66% of students are anxious about returning to school, according to the Recovery Village. During COVID-19, many students adjusted to learning from home and being around their families more often. As the world begins to re-open, psychologists are noticing higher general and separation anxiety rates in children as they return to the classroom. (Child Mind Institute). When you prepare your classroom for in-person learning, it is crucial to cater to students’ increased anxiety and foster a learning environment where they feel safe.
1. Communicate clearly with students and their families
Uncertainty prompts people to simulate possible outcomes mentally. Unfortunately, we lean towards negative outcomes when doing this, worsening our anxiety symptoms (Frontiers In Psychology). Due to our tendency to focus on the negative when faced with uncertainty, it is vital to communicate clear expectations with students and their families early on to lower student anxiety levels. Even if plans change, maintaining regular communication will help alleviate stress on the families as they plan their life and cope with the return to in-person learning. The Child Mind Institute recommends the following:
• Changes made at schools
• Specific expectations for families
• Upcoming plans
• Long-term plans
2. Protect students physically and mentally
Physically Show the students what you are doing to keep them safe. Many students, especially younger ones, are not used to being around others and may feel a sense of danger. To help students feel more comfortable, let them know that the educators and administrators have worked together to provide a safe environment for them. When speaking with students, explain your cleaning and safety protocols and answer any questions they have.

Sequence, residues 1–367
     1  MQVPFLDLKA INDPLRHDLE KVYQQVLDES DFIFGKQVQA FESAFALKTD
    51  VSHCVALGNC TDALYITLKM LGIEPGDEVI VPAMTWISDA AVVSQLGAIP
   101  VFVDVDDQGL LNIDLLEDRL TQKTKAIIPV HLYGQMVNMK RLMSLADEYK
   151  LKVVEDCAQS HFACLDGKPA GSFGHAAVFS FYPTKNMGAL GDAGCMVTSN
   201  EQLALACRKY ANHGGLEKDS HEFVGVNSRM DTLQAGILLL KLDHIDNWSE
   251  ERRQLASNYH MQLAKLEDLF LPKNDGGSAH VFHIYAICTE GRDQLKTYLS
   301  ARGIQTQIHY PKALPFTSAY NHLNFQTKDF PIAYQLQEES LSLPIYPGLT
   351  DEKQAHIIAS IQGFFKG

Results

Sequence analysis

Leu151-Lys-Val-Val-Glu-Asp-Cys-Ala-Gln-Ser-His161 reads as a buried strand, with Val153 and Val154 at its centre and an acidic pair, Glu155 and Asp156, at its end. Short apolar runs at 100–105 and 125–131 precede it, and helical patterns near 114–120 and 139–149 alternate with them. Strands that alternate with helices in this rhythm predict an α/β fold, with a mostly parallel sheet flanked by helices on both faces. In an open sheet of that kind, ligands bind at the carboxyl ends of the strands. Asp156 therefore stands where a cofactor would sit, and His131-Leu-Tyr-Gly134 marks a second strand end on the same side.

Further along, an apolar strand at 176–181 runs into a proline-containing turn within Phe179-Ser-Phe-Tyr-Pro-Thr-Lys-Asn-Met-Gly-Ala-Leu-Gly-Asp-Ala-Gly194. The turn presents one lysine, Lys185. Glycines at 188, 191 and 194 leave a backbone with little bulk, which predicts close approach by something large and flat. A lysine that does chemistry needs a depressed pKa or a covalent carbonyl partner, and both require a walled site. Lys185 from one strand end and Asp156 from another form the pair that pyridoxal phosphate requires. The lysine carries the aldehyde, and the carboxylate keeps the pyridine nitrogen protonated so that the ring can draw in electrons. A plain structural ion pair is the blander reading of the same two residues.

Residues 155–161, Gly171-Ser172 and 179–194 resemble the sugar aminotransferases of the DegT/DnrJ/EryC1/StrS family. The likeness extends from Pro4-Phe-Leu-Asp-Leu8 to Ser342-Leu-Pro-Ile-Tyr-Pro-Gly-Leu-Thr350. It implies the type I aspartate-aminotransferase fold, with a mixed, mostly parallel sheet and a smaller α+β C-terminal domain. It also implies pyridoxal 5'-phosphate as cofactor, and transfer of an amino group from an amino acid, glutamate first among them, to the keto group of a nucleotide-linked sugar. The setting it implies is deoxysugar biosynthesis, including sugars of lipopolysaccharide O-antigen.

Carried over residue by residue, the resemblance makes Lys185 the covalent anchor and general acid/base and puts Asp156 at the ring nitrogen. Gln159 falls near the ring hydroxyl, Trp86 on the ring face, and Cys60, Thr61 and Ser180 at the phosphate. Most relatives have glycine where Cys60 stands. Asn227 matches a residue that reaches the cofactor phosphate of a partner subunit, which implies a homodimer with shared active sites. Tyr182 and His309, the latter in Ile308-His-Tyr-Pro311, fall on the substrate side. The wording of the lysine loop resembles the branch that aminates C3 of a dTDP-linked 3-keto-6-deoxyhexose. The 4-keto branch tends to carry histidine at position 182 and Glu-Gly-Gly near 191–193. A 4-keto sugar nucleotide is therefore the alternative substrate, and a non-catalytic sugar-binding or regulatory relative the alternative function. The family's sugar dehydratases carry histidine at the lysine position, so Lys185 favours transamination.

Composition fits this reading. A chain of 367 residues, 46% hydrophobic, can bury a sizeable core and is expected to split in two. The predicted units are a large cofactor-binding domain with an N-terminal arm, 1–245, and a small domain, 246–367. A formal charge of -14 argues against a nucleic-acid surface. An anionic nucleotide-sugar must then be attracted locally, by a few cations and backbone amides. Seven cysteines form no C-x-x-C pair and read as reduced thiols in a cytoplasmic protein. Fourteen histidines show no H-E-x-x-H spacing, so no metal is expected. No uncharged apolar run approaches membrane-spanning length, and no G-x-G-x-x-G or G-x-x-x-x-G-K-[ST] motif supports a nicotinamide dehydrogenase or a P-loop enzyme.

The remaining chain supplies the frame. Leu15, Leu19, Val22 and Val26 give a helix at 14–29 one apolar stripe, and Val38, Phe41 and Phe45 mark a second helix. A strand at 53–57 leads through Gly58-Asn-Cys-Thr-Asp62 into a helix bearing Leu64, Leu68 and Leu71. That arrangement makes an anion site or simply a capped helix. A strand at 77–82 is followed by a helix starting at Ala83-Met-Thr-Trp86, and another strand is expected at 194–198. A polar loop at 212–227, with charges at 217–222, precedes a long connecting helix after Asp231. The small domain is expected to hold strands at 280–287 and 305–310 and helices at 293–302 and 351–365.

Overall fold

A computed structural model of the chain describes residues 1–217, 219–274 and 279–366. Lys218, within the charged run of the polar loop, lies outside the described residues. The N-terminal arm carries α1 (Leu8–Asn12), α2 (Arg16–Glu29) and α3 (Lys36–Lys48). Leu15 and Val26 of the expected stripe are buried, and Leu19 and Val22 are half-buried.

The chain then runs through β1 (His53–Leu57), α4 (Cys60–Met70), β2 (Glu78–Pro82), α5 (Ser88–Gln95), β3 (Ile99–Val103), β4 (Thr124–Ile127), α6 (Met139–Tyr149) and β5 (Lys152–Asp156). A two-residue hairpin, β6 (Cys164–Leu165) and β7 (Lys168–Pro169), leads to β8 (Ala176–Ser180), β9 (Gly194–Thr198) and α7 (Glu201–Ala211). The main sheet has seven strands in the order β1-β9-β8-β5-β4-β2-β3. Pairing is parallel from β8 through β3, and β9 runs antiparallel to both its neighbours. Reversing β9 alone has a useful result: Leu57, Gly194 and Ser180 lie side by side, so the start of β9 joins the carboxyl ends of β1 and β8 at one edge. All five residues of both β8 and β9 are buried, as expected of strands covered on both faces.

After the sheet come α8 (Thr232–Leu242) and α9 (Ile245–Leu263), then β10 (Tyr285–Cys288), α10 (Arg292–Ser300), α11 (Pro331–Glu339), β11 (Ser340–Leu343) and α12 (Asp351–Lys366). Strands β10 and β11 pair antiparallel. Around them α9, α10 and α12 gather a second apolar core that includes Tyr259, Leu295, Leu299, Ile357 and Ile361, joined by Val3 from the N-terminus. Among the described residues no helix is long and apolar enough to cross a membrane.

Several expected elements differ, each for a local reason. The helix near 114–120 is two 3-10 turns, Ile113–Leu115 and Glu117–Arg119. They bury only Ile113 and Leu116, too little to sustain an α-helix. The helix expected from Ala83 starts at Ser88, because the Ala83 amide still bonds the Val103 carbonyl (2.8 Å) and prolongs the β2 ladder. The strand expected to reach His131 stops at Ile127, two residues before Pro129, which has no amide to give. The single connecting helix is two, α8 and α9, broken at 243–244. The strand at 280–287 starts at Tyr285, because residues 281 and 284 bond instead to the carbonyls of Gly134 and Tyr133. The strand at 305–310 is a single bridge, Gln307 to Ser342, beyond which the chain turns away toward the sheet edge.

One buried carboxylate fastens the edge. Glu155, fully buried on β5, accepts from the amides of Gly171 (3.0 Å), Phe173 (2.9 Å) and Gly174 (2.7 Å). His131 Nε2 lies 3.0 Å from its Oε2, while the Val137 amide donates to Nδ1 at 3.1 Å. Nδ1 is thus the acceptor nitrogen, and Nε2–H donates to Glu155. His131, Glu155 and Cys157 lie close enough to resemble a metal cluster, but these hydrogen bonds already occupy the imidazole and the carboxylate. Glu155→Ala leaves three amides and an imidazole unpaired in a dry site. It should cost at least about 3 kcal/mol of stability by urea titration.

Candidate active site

Mentally To help teachers protect their students, GoGuardian launched GoGuardian Beacon, which helps educators identify students at risk of suicide or self-harm, alerts those who can help, and quickly activates the school’s custom response plan.
3. Healthy coping mechanisms
Teach your students healthy coping mechanisms and allow them time to recover if they are feeling overwhelmed. To do this, you could:
• Have stress reliever toys available
• Offer class mediation sessions
• Play soothing music
• Create a reading nook
• Set up a Maker Space
Learn more about healthy coping mechanisms here.
4. Validate their feelings
Actively listen to students when they share their fears or concerns with you. Your response should always be empathetic, non-judgmental and to let them know that their emotions are valid (Loyola University Maryland).
5. Take care of yourself and know your limits
You can’t pour from an empty cup – make sure you prioritize your needs as well as your students. To take care of yourself, we recommend:
• Setting and maintaining boundaries
• Allowing yourself time to rest
• Understanding what is and what isn’t outside your control
• Planning time in your day for activities you enjoy
• Using mental health resources such as therapy, educator support groups, or apps
Find more resources here